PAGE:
Shortly after Sanders entered the 2020 campaign in February, Phillips and Shannon Watts, a founder of the gun control group Moms Demand Action, were among those dinging him on Twitter.

Sanders, Watts tweeted, "has historicallysided with lobbyists" on guns and failed to even mention the issue in one of his campaign launch videos.

"We told him, 'The tide will turn and you should be on the right side of history now — not later.' He chose later," said Phillips, in a later phone interview from Texas, where she was preparing to sell her home after, she says, her failed lawsuit "ruined us financially."

Still, it's clear that Sanders has sought to distance himself from his pro-gun past. NBC News foundfootage of Sanders at two March 2018 gun control rallies, and he also met with current and former Parkland students who came to Washington in early 2018.


The Sanders campaign released a video shortly after he announced his candidacy highlighting screenshots of a 1988 article on his opposition to assault weapons.

Two top leaders of the Giffords PAC — the group founded by Gabrielle Giffords, the former Arizona congresswoman who became a gun control advocate after being shot and nearly killed — said Sanders has come a long way on the issue. "He doesn't want a repeat of 2016," said the group's executive director, Peter Ambler.

Others are skeptical that a candidate who, as recently as 2013, expressed skepticism about the efficacy of stricter gun laws in preventing mass shootings will really be a champion for the cause.

Following the Newtown shootings, Sanders voted in favor of a failed 2013 bill to expand background checks. Still, he also said that even "the strongest gun control legislation" will not "have a profound effect on the tragedies we have seen," according to the Washington Post Fact Checker. He also said that guns "are not one of my major issues."


Watts of Moms Demand Action told NBC News said Sanders is not among a number of 2020 Democratic presidential hopefuls who've reached out seeking volunteers or to speak at local events. "I don't believe he has explained" where gun control "falls on his list of priorities," she said of Sanders' changing position on gun control.

The Record

Representing a state with a strong hunting culture, Sanders has spent most of his career as a strong supporter of gun rights.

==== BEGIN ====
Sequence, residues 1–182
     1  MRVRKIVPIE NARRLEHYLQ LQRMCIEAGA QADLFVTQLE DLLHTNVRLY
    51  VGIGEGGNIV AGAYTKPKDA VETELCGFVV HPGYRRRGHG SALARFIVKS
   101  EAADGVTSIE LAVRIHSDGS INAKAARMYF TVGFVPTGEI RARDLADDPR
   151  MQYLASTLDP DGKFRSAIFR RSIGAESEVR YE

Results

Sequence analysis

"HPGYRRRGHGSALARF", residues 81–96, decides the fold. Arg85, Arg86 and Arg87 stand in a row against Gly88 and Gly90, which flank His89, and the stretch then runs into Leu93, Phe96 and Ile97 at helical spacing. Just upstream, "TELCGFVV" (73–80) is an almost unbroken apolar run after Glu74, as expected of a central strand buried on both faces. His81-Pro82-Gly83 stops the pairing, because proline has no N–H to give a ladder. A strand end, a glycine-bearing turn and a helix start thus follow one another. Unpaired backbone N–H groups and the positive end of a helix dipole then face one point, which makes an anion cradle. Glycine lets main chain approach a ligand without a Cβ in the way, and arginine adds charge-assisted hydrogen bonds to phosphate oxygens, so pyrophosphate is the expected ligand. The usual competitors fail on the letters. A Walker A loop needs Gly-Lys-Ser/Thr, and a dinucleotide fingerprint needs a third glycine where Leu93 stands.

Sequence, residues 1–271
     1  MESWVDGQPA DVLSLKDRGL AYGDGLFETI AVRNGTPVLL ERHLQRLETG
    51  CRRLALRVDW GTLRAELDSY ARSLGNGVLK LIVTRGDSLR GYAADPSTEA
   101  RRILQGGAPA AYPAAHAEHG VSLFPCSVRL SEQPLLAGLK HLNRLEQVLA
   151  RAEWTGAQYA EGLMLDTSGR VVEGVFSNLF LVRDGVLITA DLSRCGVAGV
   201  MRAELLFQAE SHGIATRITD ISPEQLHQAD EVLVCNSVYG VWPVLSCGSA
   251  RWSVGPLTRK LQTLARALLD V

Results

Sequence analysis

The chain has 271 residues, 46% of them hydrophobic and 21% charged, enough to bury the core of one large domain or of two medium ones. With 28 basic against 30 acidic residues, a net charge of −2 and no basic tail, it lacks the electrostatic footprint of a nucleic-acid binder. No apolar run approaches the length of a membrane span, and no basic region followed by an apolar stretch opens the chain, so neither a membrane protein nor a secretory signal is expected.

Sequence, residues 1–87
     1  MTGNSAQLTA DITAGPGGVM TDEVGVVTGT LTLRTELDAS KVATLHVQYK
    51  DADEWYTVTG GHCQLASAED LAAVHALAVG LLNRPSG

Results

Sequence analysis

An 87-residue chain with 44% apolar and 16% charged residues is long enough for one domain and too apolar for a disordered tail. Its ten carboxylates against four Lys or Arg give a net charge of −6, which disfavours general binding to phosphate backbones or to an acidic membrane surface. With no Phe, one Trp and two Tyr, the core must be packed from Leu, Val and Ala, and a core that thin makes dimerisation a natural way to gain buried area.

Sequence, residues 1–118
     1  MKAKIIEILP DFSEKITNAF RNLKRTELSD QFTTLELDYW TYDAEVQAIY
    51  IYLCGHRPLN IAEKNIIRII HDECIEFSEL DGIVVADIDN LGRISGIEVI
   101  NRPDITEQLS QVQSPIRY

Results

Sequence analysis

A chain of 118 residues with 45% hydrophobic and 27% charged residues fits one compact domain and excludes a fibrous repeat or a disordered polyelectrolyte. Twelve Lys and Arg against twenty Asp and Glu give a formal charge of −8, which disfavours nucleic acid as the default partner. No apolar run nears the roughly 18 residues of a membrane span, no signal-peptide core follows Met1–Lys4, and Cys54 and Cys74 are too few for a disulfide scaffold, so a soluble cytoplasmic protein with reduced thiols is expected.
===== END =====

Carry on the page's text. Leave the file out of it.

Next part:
He voted repeatedly against the 1993 Brady Bill that created the nation's background check system. In December 2015, after launching his presidential bid, he urged funding research into firearms injuries, after opposing it in the late 1990s. Sanders also voted to close the "gun show loophole" in 1999.

The 2005 gun manufacturer immunity law may be most problematic for Sanders.


Dan Gross, president of the Brady Campaign to Prevent Gun Violence, has said it ushered in "a deadly decade of unchecked gun industry negligence."

"It's not something we're going to forget," Phillips said of Sanders' long record of support for the law.

Sanders long held the same position as the National Rifle Association, which argued manufacturers shouldn't be held responsible for the actions of violent criminals who use their guns.

Critics say the gun industry made itself liable for some mass shootings when, amid a decline in hunting-related revenue, it chose to invest heavily in marketing to young men weapons intended to inflict mass casualties on the battlefields of Vietnam.


"I have to wonder if they would have been able to engage in those marketing practices if they didn't know they were protected" by the immunity law, Mark Barden, who lost his first-grade son, Daniel, in the 2012 Sandy Hook shooting, told NBC.

In a July 2015 interview on CNN, Sanders defended his vote for the law by saying that blaming gun manufacturers for mass shootings is the same as holding a hammer manufacturer liable for misuse of the tool.

But even after sponsoring a repeal of the law, Sanders seemed to defend it. In a March 6, 2016, primary debate, Sanders suggested only gun manufacturers who knowingly sell a gun under "suspicious" circumstances should be held liable. The comments prompted praise on Twitter from the NRA, whichcalled Sanders "spot on."

When asked if Sanders now supports the ability of the Sandy Hook families to sue, senior advisor Jeff Weaver said the candidate supports allowing the suit to proceed.


"Deceptive marketing of assault weapons in violation of state law is certainly the type of bad conduct for which Bernie believes companies should be held accountable," said Weaver.

Gun safety advocates including Ambler, the Giffords director, say they will be "looking closely" to make sure all "candidates come down in the right place" on gun safety.

"One of his calling cards is his passion in taking on special interests. In 2016, some voters were confounded that that passion didn't seemingly extend to taking on the NRA and the firearms industry," said Ambler.

"I just want to understand," Watts said. "Is it a priority?"


Phillips put it bluntly: "He's not good on guns. People who are in this issue know that."